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WEST WALES media consultant

Robert Lloyd is spending time in Rio de Janeiro volunteering at the 2016 Olympics and Paralympics. He will be reporting exclusively for The Herald newspaper series on his adventures.


It’s the big question you get asked

every day out here in Rio – why did you volunteer?

Everyone has their reasons. Some are big fans of the Olympics.

Others want to play a part in The Greatest Show on Earth. Others are passionate about being

involved in movement which ‘tries’ to play a part in unifying the world and promoting peaceful cooperation. Some are sports mad ‘freaks’ or ‘fans’, depending on your point of view. Others like the opportunity to meet and work with people from all over the globe. For me, it’s a little bit of everything

above. Certainly, the experience of working

in such international company is very rewarding. Being a volunteer isn’t an easy ride.

To get to Rio, volunteers have to cover their own air fare and accommodation costs. In Rio (as in London), the volunteer

schedule for many of us has been demanding – at the close of the Olympics, I will have ‘worked’ 11 days. For some volunteers, tasks can be

straightforward, but for others, like my colleagues on the operational team, the work can be demanding – events have to start on time, competitions have to be judged properly, results and statistics and news information has to be prepared in double-quick time. The professionalism of most of the

Team GB after winning silver at the sevens tournament

volunteers is outstanding. There have been some issues with

Brazil-based volunteers collecting their accreditation passes and uniform and then disappearing from view and not completing their shifts. Most of my colleagues have been happy to perform double shifts and work extra days when necessary to cover any gaps in the system. At Rio, I have been working

alongside doctors from Alaska, a ranch owner from the southern meat-producing heartland of Southern Brazil and a ski instructor from virtually the end of the world, Tierra del Fuego in Argentina. For my Argentinian colleague,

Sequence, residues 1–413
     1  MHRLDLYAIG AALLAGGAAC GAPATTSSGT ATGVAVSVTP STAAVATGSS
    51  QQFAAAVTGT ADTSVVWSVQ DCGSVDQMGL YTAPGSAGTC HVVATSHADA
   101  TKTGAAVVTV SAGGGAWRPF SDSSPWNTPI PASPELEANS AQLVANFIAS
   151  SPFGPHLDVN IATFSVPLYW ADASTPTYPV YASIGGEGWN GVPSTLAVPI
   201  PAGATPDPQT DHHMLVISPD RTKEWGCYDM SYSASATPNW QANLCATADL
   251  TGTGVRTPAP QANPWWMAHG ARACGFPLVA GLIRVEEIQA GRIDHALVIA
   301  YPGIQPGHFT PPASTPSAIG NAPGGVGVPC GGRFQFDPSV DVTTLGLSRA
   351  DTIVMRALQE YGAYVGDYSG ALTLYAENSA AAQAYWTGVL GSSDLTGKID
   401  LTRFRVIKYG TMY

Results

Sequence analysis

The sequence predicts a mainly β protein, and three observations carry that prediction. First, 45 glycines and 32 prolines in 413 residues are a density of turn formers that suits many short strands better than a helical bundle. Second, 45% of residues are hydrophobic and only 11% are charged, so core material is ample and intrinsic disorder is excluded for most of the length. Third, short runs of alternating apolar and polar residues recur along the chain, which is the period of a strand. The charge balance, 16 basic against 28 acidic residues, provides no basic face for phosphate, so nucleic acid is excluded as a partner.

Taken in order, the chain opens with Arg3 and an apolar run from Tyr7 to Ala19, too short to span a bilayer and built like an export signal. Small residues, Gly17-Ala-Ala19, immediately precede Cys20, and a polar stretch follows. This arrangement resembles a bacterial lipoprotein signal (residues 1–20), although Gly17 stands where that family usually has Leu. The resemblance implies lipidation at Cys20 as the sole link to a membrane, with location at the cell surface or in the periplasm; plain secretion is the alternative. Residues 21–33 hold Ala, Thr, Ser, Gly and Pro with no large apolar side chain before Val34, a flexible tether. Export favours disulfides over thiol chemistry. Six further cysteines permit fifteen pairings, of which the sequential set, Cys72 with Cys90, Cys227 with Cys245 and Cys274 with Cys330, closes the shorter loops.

Francisco Manera, it hasn’t been all plain sailing. He visited Copacabana Beach on

a rare day off this week. He put his rucksack down for a second on the sand, turned around and found it was gone. Passport, credit cards, mobile phone, cash - all stolen. A generous whip-round from

colleagues provided a fighting fund for Francisco to continue his Rio adventure. It was a grim lesson for Francisco, but it didn’t dent his enthusiasm for the Games. One of the things people fail to appreciate is the scale of an Olympics. There are 42 Olympic sport

disciplines: 306 events over the course of 19 days of competition spread over four centres in Rio and football matches throughout Brazil. Working on the volunteer team, you

are sometimes inside the bubble. You have to focus so hard on making sure your event works that everything else fades into the background. Brazilian TV, naturally, concentrates

on the Brazilian athletes. Phone calls back home usually fill in the gaps – “The cyclists are doing really well and Murray has won gold again.” Talking to media colleagues back home, they never quite appreciate the

four-hour time difference and the travel time needed to hop from venue to venue to see different events (for each journey, you also have to factor in time to get through strict security). Questions like, ‘Why didn’t you

go and see the golf today?’ have to be answered with explanations of how it’s not straightforward to hop from one end of Deodoro to another end of the giant Barra complex. But don’t think it’s been work, work,

work. I have found time in a busy schedule

to see women’s football, boxing at RioCentro and athletics (including a certain Mr Usain Bolt) at The Enghenao Olympics athletics stadium. The whole volunteer trip took three years in the planning. That may seem like a long time, but

the reality is that my personal Olympics and Paralympics journey goes back further still. A lifelong fan of the Games (one of

my earliest memories is of David Hemery winning the 1968 400 metres hurdles at Mexico on our first colour telly!), it has always been a ‘must see’ TV event in our house. The idea of actually ‘being there’ at

an Olympics first started forming during a summer holiday to Rhodes island in Greece. On a short hop from Rhodes to

Athens International Airport, I was sat next to a young man wearing a tracksuit bearing the words Olympic Games volunteer. It turned out that he was a

physiotherapist with a private practice on Rhodes. He’d shut up shop for three weeks to join the army of volunteers helping stage the Athens Games. I was sold on the idea and hooked on

the possibility of volunteering for a future Games. But it was no more than an idea until

Usian Bolt takes the the track at the Olympic Stadium

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